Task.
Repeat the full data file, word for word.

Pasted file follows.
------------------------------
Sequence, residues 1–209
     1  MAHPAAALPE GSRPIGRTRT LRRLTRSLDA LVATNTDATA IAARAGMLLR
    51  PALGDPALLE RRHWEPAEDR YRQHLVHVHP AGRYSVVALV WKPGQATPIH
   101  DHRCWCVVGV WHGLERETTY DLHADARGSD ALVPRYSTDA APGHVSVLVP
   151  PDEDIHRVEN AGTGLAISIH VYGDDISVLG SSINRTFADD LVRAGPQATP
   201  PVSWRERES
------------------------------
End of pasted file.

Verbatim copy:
Sequence, residues 1–209
     1  MAHPAAALPE GSRPIGRTRT LRRLTRSLDA LVATNTDATA IAARAGMLLR
    51  PALGDPALLE RRHWEPAEDR YRQHLVHVHP AGRYSVVALV WKPGQATPIH
   101  DHRCWCVVGV WHGLERETTY DLHADARGSD ALVPRYSTDA APGHVSVLVP
   151  PDEDIHRVEN AGTGLAISIH VYGDDISVLG SSINRTFADD LVRAGPQATP
   201  PVSWRERES